We’ve got a treat for you today – TED talks nursing videos. TED talks are some of the most motivational discussions online. We’ve rounded up some of the most interesting, fascinating, and eye-opening TED talks on nursing and health care we could find.
When Eric Dishman was in college, he suddenly started having fainting spells. After months of tests and six doctors across two hospitals, he was told that he had only 2-3 years to live. Listen to his fascinating (and sadly) familiar story and why he now advocates on health care being a coordinated team sport.
Eric is a wonderful speaker and there is no boring minute during his talk. For nurses who already work in such institutions that already practice health care as a coordinated team sport, you’ll be much gratified.
Elaine Meyer shares her first experiences in clinicals and shares her own personal experiences with the health care system. Her story telling is subtle yet touching.
Through her stories, Elaine Meyer shows the importance of genuine and real conversations with patients and their families. She shares how years and years down the road, what families remember were not the medications nor the procedures, but rather the relationships that health care professionals dared to establish.
Elaine Meyer says, “And in this work, we are called upon to be present, not perfect. As Carl Rogers so poignantly teaches us, perfect wouldn’t be good enough.”
Rishi Manchanda has been working in South Central Los Angeles for a decade where patients were locals who lived and worked in challenging conditions. Working with his patients, the good doctor realized the importance of looking upstream, or finding the root of health problems of patients rather than just sticking to treating symptoms.
Some of these “upstream” factors include bad housing or poor diet.
In his talk, he shows how tracing and fixing the social and environmental conditions that underly their patients’ sickness has resulted in a more holistic and improved health care.
Rather than a TED talk, this is an awesome medical visualization that shows the development of a human being from conception to beyond. This is one of the best TED talks nursing students can watch.
Abraham Verghese is a physician, teacher, and author. He starts off his talk with a story of a 40-year old patient who arrested and was resuscitated in the emergency room. When she was whisked for a CT scan to check for blood clots in her lungs, what they found were breast tumors that had metastasized all over her body.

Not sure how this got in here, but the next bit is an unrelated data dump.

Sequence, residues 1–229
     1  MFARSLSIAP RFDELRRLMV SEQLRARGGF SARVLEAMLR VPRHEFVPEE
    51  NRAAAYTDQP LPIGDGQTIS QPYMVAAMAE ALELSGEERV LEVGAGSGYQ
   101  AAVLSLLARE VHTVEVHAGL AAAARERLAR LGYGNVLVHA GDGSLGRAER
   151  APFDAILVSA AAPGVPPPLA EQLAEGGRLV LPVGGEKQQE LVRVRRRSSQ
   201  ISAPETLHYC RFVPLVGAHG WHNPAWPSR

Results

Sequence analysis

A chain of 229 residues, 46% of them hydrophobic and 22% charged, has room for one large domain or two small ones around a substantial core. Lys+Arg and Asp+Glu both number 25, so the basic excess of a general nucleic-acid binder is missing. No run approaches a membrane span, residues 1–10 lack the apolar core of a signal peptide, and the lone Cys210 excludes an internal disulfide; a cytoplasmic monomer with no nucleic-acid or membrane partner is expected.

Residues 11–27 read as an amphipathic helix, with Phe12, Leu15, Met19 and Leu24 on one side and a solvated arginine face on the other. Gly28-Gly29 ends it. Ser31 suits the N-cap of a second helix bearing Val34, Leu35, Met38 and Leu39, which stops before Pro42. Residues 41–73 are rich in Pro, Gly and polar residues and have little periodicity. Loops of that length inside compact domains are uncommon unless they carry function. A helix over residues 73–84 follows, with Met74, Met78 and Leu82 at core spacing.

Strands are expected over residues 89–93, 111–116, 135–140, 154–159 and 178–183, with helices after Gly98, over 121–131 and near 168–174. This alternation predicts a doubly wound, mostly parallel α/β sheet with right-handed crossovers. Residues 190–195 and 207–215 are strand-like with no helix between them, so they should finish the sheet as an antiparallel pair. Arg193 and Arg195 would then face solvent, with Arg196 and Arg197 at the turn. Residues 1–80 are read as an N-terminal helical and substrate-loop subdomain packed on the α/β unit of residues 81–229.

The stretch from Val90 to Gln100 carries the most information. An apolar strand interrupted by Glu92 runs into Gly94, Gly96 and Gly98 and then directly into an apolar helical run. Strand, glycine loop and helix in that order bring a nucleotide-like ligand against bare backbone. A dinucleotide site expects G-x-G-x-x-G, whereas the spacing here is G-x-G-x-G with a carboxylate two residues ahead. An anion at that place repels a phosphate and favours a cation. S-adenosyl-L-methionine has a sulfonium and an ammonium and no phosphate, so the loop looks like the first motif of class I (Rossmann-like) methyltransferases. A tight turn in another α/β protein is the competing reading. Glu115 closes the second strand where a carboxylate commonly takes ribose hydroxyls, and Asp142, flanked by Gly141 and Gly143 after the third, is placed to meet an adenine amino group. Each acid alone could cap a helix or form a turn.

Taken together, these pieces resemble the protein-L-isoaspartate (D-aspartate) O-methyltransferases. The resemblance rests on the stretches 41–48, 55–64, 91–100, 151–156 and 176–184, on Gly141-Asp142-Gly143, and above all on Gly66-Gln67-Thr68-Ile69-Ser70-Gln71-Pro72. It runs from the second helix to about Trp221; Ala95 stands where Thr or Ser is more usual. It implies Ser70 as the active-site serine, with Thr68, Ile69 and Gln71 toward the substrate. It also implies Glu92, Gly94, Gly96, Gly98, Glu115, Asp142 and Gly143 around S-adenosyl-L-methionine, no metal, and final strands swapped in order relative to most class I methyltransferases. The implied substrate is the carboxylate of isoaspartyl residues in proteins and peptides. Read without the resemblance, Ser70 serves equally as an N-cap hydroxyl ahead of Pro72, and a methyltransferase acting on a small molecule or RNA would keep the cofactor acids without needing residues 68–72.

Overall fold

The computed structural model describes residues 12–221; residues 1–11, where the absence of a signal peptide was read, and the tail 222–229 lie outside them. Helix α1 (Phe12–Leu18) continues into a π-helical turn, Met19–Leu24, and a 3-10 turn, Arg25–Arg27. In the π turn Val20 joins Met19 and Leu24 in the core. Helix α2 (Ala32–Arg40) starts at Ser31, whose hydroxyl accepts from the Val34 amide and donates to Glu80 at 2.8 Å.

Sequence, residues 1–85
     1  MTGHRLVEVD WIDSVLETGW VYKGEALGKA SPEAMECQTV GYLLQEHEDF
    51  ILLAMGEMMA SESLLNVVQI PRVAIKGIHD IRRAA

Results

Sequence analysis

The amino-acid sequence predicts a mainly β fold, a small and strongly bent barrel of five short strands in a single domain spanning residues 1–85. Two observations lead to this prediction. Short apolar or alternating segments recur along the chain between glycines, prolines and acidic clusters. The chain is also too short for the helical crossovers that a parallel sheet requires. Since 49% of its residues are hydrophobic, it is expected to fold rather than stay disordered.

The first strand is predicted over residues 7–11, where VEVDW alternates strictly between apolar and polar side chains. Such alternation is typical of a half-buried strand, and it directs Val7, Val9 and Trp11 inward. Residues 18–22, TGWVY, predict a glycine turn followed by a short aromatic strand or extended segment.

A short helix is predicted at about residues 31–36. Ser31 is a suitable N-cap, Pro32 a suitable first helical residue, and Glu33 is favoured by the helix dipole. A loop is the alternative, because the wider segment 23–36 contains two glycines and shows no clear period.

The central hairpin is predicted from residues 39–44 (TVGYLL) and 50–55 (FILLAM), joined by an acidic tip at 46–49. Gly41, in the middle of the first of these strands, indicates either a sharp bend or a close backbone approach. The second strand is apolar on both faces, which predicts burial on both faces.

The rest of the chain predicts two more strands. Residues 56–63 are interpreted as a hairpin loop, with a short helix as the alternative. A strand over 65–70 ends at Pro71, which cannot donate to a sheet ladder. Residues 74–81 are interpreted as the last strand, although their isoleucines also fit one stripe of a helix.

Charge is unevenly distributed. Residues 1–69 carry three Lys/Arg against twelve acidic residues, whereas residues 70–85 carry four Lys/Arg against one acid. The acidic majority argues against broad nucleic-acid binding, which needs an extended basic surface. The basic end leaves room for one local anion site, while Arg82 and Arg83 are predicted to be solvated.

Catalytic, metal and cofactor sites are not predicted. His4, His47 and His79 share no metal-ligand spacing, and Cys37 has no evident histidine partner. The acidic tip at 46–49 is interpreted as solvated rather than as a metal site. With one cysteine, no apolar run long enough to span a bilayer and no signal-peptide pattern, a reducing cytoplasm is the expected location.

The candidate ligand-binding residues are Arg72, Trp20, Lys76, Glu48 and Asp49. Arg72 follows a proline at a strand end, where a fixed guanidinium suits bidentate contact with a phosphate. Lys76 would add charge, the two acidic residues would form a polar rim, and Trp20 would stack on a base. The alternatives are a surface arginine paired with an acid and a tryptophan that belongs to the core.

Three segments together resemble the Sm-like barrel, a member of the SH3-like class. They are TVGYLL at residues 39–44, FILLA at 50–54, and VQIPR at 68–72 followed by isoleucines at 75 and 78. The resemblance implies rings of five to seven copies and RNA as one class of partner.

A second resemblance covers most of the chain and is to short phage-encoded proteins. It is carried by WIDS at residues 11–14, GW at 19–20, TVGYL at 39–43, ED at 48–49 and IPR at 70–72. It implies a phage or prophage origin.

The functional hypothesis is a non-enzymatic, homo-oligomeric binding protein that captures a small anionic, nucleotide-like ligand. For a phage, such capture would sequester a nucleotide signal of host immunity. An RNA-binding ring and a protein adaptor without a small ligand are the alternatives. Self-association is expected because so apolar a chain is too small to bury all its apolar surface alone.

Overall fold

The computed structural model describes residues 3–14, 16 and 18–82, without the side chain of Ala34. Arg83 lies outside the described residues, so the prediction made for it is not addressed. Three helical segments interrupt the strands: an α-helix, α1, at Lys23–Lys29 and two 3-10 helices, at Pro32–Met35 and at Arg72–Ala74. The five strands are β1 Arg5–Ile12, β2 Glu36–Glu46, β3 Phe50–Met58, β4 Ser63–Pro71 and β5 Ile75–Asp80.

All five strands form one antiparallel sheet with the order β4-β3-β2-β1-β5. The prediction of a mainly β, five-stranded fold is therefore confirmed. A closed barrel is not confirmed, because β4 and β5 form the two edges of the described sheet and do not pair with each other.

Verghese makes a case for why the rituals of diagnostics must never be done away with or be subjected to shortcuts. For nurses, the good doctor’s TED talk is an inspiration on the importance of human touch on patients.
Also Read: 12 Ways Nurses Can Beat Compassion Fatigue
This TED talk is slightly dated having been given in 2009. Yet, the threat of pandemics is still as real as ever.
If you work with infectious diseases or have concerns about future pandemics, Laurie Garretts’ TED talk regarding past pandemics is very informative.
During his sophomore year, BJ Miller was horsing around with his mates when they made the bad decision of climbing a parked commuter train.
He went up the ladder and when he stood up, the electric current entered his arm and went through his body causing his present disfigurement. Now a palliative care physician, he shares in his TED talk what really matters at the end of life.
Dr. Jim Wither has an interesting philosophy when it comes to medicine and healing. His idea was that if you want to aid in people’s healing, you need to be where they are. This led him to start providing medical care to the unsheltered homeless population of Pittsburgh since 1992. He founded Operation Safety Net which is a known street medicine program in the area.
Most of the time, patients aren’t able to fully differentiate the roles of doctors and nurses. In this talk, Carissa Enright, an associate clinical professor who works in Texas Women’s University, try to empower patients to ask the right questions to their healthcare providers. She also encourages and empowers nurses to touch their patients’ lives.
Most patients don’t feel comfortable when it comes to talking about death. This is one good reason why they plan to fail and leave their relatives with a lot of things to deal with.
Judy MacDonald Johnston, in this TED Talk, shares 5 ways to prepare for a good end of life.
We enjoyed all of the talks in this list and we hope that you did too.
Do you know of other inspiring and educational TED talks nursing students and vets can learn from? Share them with us! Connect with us via our FB page!